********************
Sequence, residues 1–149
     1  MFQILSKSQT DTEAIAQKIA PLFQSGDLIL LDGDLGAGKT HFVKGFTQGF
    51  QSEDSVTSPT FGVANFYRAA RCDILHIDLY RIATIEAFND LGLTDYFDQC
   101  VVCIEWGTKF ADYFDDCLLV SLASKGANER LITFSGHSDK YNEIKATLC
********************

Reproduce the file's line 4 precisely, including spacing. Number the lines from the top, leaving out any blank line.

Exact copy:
   101  VVCIEWGTKF ADYFDDCLLV SLASKGANER LITFSGHSDK YNEIKATLC